Cancer is a disease that causes our body’s cells to rapidly divide and grow out of control. Spurred by anomalies in our genes, cancer forces our previously healthy cells to rapidly multiply and grow into malignant tumors in vital zones of our body.
The irony of this disease, however, is that while a cancer patient experiences immense “growth” inside their bodies, their external appearances are characteristically frail and devoid of muscle mass due to a phenomenon called Anorexic Cachexia.
Cachexia is a physically debilitating side effect of cancer that comes from the Greek words for Bad (Kakos) and Condition (Hexis). It is also called Anorexia-Cachexia due to its similarities to Anorexia - which is an eating disorder characterized by low weight, fear of gaining weight, and an obsessive desire to be thin.
Cancer Anorexia-Cachexia leads to an extreme loss of muscle mass and weight that cannot be easily remedied by making simple changes to a diet. It is usually visible at advanced stages of colorectal and gastric cancers but can also be a side effect in cancers of the head, neck lung, pancreas, and oesophagus.
Cancer Anorexia-Cachexia can significantly impede the body's ability to perform the simplest of activities during the fight against cancer and is not easily reversible by merely increasing intake of food and supplements. The disease, responsible for nearly one-third of all cancer-related fatalities has a tendency to rapidly break down the body’s adipose (fat storage), and skeletal muscle tissues, leaving patients in a severely weakened condition.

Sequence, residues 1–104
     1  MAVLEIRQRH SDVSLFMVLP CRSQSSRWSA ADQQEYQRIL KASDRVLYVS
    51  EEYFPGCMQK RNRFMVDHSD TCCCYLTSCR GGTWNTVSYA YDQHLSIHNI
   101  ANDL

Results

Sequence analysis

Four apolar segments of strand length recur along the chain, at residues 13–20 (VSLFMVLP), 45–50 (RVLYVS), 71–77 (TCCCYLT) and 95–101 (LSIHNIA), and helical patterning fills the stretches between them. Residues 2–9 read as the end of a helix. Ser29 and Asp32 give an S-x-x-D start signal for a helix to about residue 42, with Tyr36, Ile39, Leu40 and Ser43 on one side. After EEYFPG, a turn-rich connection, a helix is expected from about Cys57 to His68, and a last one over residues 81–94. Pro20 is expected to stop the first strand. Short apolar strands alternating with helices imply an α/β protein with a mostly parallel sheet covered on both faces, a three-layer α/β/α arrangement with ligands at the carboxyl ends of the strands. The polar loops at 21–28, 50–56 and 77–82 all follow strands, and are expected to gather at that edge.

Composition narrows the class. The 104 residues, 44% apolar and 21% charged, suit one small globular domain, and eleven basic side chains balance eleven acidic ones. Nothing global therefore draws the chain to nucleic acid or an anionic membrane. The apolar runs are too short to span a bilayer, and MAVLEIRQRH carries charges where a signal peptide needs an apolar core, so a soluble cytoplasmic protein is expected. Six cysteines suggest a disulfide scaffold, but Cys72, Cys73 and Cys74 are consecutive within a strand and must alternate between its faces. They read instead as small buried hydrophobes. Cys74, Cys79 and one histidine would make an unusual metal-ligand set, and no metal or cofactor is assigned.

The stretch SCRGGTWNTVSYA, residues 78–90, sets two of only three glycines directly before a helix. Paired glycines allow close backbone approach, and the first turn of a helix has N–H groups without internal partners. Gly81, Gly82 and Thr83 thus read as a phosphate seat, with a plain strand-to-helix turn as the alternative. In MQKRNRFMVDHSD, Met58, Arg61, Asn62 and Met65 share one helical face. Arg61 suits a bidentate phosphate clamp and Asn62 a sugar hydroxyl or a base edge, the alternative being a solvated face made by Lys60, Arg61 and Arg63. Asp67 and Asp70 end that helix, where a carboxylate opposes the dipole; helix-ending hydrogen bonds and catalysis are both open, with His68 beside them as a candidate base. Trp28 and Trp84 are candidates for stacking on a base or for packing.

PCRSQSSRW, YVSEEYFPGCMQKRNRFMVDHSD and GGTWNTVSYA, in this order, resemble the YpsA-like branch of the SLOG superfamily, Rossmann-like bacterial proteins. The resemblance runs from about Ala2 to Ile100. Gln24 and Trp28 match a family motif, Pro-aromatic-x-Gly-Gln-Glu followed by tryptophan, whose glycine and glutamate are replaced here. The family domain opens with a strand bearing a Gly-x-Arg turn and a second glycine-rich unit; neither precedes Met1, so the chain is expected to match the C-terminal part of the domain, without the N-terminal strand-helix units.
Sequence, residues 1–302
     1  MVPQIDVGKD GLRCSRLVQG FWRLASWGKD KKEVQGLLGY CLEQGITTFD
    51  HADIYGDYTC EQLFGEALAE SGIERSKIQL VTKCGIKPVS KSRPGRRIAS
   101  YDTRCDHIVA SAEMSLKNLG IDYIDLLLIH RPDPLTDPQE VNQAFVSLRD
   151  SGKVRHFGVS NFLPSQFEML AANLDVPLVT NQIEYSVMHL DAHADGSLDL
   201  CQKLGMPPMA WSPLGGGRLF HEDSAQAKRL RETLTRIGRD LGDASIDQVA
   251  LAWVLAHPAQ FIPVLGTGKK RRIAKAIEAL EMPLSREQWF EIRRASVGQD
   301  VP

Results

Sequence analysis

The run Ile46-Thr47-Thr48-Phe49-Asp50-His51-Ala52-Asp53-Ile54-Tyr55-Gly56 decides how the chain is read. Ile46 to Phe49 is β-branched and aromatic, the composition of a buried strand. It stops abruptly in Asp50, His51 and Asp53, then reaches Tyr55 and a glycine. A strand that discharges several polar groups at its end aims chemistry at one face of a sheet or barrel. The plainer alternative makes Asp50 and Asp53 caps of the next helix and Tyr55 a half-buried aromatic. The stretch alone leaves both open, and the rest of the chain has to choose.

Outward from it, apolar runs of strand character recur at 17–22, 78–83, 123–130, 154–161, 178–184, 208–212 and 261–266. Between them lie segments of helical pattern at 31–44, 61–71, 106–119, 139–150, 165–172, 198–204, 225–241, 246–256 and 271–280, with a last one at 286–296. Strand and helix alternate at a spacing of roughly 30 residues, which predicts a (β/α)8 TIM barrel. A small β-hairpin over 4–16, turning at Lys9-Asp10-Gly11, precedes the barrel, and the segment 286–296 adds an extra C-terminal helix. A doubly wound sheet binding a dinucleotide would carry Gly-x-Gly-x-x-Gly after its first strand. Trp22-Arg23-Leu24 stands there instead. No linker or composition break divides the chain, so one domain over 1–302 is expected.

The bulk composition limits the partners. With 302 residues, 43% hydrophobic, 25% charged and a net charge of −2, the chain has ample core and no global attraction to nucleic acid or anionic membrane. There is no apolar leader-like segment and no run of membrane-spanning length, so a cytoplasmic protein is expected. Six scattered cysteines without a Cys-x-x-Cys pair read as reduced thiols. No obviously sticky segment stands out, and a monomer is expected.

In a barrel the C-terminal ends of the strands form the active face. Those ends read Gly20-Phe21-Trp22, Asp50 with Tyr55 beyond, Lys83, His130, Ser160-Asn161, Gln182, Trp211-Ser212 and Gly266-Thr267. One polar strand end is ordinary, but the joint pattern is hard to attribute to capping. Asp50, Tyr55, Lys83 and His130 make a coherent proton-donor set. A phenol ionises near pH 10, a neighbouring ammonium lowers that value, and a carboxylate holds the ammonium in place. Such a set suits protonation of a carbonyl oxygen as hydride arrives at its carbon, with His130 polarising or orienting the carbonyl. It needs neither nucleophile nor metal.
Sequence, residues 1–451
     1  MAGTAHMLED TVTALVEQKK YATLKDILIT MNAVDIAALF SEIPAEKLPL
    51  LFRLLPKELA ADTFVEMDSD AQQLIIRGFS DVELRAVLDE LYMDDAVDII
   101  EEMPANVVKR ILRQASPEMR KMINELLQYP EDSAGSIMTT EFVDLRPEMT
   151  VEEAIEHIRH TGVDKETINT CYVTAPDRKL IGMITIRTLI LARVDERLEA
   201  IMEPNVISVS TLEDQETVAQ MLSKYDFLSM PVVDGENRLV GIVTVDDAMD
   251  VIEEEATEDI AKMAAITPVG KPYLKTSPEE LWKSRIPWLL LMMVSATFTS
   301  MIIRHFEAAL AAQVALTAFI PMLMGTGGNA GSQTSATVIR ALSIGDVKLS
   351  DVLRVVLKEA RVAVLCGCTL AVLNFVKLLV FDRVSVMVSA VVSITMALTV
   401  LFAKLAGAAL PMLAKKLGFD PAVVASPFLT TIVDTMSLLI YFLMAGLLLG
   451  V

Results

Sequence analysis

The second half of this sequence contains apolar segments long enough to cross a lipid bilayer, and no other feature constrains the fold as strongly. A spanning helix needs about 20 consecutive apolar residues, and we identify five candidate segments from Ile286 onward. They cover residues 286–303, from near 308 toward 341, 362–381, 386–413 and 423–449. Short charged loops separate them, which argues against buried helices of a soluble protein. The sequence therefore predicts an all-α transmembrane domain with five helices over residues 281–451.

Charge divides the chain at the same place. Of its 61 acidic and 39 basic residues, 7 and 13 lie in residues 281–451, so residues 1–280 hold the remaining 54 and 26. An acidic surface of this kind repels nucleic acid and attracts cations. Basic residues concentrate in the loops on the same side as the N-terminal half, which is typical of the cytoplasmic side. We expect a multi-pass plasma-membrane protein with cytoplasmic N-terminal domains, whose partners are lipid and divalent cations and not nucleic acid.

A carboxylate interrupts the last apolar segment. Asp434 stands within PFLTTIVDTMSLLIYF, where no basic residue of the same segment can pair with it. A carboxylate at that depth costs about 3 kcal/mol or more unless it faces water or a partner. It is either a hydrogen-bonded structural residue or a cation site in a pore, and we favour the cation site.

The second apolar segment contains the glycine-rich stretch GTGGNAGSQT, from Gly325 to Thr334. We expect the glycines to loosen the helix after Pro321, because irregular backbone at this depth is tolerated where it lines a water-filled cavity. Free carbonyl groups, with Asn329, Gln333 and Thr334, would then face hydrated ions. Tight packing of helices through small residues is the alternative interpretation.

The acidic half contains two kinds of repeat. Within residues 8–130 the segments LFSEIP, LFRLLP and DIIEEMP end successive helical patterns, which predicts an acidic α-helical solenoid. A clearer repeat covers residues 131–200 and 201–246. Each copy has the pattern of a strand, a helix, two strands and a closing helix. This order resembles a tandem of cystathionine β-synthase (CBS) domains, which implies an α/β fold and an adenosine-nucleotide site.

Cancer cachexia can roughly be categorized into three stages:
Stage 1 - Pre-cachexia: First signs of anorexia (weight loss less than 5%), as well as slightly elevated blood glucose levels.
Stage 2 - Cachexia: The body begins to lose weight and deteriorate at a faster rate (weight loss greater than 5%).
Stage 3 - Refractory cachexia: The body struggles to effectively perform routine processes and is unable to respond to cancer medication due to advanced deterioration.
The Prevalence of Cancer Anorexia-Cachexia Cancer Anorexia-Cachexia is known to be one of cancer’s most debilitating side-effects due to the extreme toll it exerts on the human body. The disease has been known to affect more than 1.3 million people in developed countries and is a prevalent symptom in more than 50% of newly diagnosed patients.
The Bottom Line Cancer Cachexia affects a large section of people who suffer from cancer and can take a significant toll on patients and caregivers due to the physically and psychologically challenging nature of the disease. It is therefore vital that it is carefully tracked right from the onset of cancer, and not taken lightly due to the consequences it could have on the fight against cancer.